School is a place where youngsters should be inspired, develop a love of subjects that interest them, and in doing so develop the skills and attributes which are essential to become life-long learners, have successful future careers and ultimately positive contributors to UK PLC.

From Leonardo di Vinci to Steve Jobs to Einstein, some of humanity’s greatest inventors, creatives and problem-solvers have not followed the traditional routes at the time and struggled to find their place in the world.

All children and young people are entitled to the education and support they need to find their talent and fulfil their potential. Our increasingly restrictive system is in danger of alienating more and more youngsters who don’t ‘fit’ or are disengaged by our archaic curriculum.

Simply disenfranchising those whose capabilities can’t be measured by our antediluvian exam system, shows a lack of vision only matched by the blind conviction that the best way to thrive in our global digital economy, is to possess a clutch of 9 grade GCSEs.

We urgently need to reconsider what we want our education system to achieve and whether it is fit for purpose.

Surely, all our young people have the right to leave school having been given the opportunity to make the most of their talents, fulfilling their potential.

Helen Beardmore, Education Delivery Manager, Edge

About the Author: Helen has had a varied career in education since graduating with a Geography degree from University College of Wales Aberystwyth. Helen went on to complete her PGCE at Sheffield University before teaching in Rotherham and Nottingham for 15 years. Whilst in Nottingham Helen started to diversify teaching Applied Leisure and Tourism and, Business and as a result of which became a Lead Practitioner for the Specialist Schools and Academies Trust (SSAT) specialising and sharing best practice in curriculum development and resources.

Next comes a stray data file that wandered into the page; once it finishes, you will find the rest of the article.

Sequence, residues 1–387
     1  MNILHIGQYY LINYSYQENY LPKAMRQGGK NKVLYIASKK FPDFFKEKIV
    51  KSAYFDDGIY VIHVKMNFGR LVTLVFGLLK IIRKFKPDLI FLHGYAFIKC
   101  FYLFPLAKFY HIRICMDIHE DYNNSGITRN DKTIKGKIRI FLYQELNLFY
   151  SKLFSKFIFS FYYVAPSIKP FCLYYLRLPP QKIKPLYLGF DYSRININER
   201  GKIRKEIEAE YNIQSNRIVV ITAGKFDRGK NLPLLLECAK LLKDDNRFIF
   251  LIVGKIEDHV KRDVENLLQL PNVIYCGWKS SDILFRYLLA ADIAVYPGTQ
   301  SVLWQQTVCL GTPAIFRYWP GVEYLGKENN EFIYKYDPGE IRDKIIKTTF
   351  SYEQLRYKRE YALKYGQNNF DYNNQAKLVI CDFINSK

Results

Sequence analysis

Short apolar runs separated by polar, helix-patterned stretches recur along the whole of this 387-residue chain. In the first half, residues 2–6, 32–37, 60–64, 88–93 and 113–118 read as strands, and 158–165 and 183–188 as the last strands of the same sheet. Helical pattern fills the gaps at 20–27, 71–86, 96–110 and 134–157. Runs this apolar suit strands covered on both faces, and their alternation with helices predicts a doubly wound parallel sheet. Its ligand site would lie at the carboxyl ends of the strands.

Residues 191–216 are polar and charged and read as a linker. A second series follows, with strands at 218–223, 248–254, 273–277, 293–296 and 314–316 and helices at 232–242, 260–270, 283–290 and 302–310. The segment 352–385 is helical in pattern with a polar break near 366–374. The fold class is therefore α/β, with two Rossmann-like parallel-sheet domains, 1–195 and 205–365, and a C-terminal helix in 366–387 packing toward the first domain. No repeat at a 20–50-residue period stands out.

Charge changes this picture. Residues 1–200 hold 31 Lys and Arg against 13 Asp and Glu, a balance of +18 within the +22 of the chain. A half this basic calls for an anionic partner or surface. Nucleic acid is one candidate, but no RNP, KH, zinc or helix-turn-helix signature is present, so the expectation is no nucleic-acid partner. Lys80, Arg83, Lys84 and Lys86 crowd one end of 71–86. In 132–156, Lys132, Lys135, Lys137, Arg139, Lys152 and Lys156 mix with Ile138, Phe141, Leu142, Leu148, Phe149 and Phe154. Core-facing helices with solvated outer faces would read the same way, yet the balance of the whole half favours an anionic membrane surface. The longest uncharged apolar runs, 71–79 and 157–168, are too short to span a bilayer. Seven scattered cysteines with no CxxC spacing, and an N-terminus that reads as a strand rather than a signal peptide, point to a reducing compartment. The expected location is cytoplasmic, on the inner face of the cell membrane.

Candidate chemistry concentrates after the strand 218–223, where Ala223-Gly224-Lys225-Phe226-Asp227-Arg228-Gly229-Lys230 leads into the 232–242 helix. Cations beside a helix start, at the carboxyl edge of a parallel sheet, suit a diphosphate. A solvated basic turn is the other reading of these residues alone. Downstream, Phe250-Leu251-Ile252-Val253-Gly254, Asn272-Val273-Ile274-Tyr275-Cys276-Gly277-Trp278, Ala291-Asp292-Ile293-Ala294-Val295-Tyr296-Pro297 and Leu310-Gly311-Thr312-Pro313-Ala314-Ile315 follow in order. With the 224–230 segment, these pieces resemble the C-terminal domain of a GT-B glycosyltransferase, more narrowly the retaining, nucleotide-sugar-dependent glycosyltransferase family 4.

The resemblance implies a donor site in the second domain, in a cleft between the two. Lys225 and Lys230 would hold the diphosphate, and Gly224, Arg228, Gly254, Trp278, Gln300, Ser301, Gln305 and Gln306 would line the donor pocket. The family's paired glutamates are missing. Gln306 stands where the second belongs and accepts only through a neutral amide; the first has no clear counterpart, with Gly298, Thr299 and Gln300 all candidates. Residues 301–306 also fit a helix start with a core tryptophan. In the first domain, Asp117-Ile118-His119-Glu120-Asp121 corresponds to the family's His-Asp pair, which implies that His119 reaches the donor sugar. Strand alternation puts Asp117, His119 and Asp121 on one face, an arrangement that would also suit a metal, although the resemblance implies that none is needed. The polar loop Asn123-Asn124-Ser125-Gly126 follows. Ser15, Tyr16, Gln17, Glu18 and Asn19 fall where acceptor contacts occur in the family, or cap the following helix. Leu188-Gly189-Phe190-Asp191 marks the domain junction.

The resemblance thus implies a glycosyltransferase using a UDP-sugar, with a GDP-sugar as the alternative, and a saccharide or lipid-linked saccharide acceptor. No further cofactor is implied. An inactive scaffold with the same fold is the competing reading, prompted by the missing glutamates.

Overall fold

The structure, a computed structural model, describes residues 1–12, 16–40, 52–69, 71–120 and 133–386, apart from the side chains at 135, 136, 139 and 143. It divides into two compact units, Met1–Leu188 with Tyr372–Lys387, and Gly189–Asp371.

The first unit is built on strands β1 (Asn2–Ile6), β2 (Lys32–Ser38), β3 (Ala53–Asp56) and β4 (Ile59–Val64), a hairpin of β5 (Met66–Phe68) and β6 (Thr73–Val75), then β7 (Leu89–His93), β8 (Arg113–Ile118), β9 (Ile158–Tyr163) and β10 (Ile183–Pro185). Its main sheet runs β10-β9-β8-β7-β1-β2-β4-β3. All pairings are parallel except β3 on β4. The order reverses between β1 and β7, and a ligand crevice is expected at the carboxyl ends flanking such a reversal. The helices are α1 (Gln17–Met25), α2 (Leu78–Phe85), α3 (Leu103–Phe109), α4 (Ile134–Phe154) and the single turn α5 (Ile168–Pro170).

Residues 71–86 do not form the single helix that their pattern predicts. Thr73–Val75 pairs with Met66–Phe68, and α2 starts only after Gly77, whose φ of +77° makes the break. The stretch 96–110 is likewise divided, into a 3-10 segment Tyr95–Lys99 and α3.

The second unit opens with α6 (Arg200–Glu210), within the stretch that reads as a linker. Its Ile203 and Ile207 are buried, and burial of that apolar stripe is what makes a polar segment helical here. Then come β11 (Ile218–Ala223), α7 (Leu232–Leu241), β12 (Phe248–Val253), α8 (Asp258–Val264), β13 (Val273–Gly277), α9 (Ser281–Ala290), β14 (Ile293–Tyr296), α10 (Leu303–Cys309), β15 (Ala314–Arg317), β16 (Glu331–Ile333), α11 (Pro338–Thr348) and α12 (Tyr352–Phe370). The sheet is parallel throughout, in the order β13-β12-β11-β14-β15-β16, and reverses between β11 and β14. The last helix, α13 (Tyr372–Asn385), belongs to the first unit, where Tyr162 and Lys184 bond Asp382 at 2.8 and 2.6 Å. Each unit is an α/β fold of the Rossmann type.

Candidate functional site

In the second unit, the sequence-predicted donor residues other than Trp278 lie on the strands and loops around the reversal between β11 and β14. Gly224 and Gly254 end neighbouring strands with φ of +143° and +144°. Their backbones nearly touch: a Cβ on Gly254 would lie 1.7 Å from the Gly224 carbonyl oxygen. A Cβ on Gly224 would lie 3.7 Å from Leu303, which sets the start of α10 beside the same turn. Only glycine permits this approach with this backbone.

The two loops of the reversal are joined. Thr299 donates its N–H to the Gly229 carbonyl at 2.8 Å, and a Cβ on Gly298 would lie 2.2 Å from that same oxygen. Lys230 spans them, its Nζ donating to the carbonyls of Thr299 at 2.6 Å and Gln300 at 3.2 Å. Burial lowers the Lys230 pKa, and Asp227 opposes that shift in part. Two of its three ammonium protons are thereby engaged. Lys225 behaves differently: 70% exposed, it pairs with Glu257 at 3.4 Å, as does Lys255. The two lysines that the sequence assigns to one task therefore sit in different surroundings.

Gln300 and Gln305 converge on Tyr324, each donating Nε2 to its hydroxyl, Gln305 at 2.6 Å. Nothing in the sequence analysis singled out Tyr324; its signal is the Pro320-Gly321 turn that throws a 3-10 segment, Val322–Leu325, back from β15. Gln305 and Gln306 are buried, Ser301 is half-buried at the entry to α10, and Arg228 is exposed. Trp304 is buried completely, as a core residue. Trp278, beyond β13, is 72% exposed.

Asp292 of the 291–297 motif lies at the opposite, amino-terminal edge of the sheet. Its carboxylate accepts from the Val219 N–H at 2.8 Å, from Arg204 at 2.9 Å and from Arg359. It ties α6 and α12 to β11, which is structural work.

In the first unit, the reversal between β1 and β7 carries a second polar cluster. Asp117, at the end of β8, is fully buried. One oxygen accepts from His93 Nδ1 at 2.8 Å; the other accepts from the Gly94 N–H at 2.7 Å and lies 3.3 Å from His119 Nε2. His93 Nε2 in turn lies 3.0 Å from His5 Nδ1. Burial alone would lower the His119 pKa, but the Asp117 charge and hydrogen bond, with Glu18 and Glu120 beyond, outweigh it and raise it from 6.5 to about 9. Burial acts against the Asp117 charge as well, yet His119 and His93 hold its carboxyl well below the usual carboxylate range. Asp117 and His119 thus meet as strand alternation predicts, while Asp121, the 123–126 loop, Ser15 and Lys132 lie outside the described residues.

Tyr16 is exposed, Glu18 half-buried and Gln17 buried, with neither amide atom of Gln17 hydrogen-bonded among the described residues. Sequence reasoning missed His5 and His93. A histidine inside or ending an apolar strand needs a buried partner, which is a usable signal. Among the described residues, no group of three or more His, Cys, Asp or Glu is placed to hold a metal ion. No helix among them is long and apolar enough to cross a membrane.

You may also be interested in these articles:

Sponsored Video

Register, Login or Login with your Social Media account:


Upcoming FE Events

Advertiser Skyscrapers

Newsroom Activity

Latest Education News

Further Education News

The FE News Channel gives you the latest education news and updates on emerging education strategies and the #FutureofEducation and the #FutureofWork.

Providing trustworthy and positive Further Education news and views since 2003, we are a digital news channel with a mixture of written word articles, podcasts and videos. Our specialisation is providing you with a mixture of the latest education news, our stance is always positive, sector building and sharing different perspectives and views from thought leaders, to provide you with a think tank of new ideas and solutions to bring the education sector together and come up with new innovative solutions and ideas.

FE News publish exclusive peer to peer thought leadership articles from our feature writers, as well as user generated content across our network of over 3000 Newsrooms, offering multiple sources of the latest education news across the Education and Employability sectors.